I’ve had so many life lessons lately. All the changes have made me refocus my energy (which has made me WAY more energetic) and open my mind to new possibilities. None of these changes are bad, but they can be slightly uncomfortable during the transition. Kinda like a pair of jeans fresh out of the dryer. If you just move around in them a little bit and they’ll end up fitting perfectly.
One of the major changes has been a serious reorganization to my inner circle of peeps. I’ve added a couple of new key players. One of these new friends has been encouraging me in so many ways. We chat often and she is simply wonderful! Her inspiration and lessons have been invaluable on my new journey – to the point of my actually being excited to wake up in the morning. I can’t tell you how long it’s been since that’s happened.
I’ve also been working with a therapist who is challenging me all over the place. One of the biggest things we’ve been working on is my needing to treat Ben like a “well” child. I’ll be honest here, I’ve not done a very good job at that. I have kept in the back of my mind that Ben will not live long enough to be an adult. Especially after this most recent relapse when the term “chronic illness” entered our vernacular. The way it’s been explained to us is that he’ll be fighting until a cure is found or he dies. I’ve had a hard time getting past that. I don’t have confidence in anyone finding a cure for Neuroblastoma. And I know Ben won’t want to fight like this indefinitely. He’s already admitted to this. I’m trying to change my mindset – to hope for a cure – but it’s been so incredibly difficult. It’s a cold, hard fact that the people who holds all the money and power are not interested in helping these children. Their little bald heads are cute and everyone always says, “Awwwww, how sweet/sad,” but nobody does anything to level the playing field, despite the desperate pleas of their parents. It sucks.
Anyway, focus on what I can control, right? That being said, meditation has been my new best friend. I never thought I’d be successful with meditation because it is nearly impossible for me to focus my thoughts for more than two minutes. So, instead of forcing my mind to conform to what I’m “supposed” to do, I just let it happen. And last night, I had the most beautiful vision. I saw Ben playing in a green field dotted with wildflowers. He was running and spinning and doing many things that he normally doesn’t do. As I took a closer look at him, I saw that it was the same beautiful red hair, the same deep and knowing brown eyes, and his adorable smile that he rarely shares unless he’s truly joyful. In this image, the love emanating from him was nearly overwhelming. And then, I realized that his childish features had matured. He had a few wrinkles near his beautiful eyes. I saw his manly hand reach for a smaller one… that of a child. I didn’t get the feeling that it was his biological child and I couldn’t see the gender of the child, but I could feel that he loved the child as his own. There was also a woman. Her blonde hair was shining in the sunlight that surrounded my image. She was holding the hand of another child. They all seemed unbelievably happy. I don’t know if they were married but she had two children and I got the sense that she had lost her husband, as there was a sense of heartache to her. I also got the feeling that she was in a helping profession, someone who understood what Ben had gone through as a child. I watched from the sidelines as this fine young man – the son that I’ve raised – showed nothing but LOVE. It was the most beautiful image I’ve ever seen.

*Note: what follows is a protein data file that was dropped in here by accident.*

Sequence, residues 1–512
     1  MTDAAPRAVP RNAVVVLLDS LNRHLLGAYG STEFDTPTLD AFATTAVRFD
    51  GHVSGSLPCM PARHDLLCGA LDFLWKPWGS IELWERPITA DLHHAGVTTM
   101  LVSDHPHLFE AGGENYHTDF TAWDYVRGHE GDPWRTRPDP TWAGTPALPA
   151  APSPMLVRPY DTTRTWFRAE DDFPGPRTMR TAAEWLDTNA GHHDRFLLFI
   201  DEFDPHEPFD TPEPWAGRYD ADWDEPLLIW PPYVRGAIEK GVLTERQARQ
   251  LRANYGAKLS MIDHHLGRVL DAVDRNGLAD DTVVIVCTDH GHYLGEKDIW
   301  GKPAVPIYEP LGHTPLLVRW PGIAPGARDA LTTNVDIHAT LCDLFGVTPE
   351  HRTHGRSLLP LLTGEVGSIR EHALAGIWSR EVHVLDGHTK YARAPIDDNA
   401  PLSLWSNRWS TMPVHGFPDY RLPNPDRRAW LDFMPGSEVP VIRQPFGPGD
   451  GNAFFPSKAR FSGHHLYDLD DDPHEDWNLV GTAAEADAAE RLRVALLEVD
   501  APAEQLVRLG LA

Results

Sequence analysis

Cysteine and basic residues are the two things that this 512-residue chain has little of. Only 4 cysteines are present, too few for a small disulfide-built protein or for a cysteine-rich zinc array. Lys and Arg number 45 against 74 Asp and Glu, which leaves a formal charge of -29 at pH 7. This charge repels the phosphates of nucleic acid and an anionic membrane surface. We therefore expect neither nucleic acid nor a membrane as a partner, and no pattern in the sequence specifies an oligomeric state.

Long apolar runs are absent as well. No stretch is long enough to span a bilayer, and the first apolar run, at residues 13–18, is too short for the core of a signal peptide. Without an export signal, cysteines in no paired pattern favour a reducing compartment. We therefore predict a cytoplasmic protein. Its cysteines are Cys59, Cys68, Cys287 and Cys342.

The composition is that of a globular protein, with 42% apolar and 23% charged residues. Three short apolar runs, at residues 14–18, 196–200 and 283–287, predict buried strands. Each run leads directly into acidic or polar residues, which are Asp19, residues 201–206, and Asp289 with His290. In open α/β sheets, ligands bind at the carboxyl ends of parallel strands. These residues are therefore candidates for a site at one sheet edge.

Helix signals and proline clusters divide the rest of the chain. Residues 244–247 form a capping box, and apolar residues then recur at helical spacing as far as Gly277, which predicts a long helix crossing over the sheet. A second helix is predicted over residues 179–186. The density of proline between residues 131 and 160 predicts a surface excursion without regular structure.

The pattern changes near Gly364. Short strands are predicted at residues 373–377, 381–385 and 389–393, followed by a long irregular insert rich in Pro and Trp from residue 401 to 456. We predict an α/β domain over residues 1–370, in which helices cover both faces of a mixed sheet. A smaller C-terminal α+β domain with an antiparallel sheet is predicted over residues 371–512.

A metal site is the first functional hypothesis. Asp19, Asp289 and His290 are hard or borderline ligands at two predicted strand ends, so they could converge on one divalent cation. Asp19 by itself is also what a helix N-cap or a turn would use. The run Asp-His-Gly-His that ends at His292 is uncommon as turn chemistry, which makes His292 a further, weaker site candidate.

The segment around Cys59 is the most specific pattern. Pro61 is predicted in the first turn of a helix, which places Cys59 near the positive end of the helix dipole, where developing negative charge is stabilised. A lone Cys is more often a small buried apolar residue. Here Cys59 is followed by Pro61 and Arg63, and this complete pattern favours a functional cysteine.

I’m not saying that this is how it will turn out for Ben, but I’m saying that this was the first time that I visualized him as an adult. It brought so many emotions, but none of them were fear that it wouldn’t happen. I’m not afraid. And even if that’s not the scenario that evolves for my son, I will live with that image forever in my mind. Until he changes it for himself. And I promise not to bully him if he chooses someone who doesn’t have blonde hair with the statement of “but she doesn’t fit my vision!”
In this moment, Ben is well. And this moment is all we have. What the future holds can change in the blink of an eye. But what I do know, right this minute, is that we are well. My son has no evidence of disease. My dogs are sleeping soundly. My fingers are wildly typing. My heart is still beating. And my son is looking at me. I swear… he just now said, “I just want you to be happy.”
So, in this moment, right now, I am.
I am happy.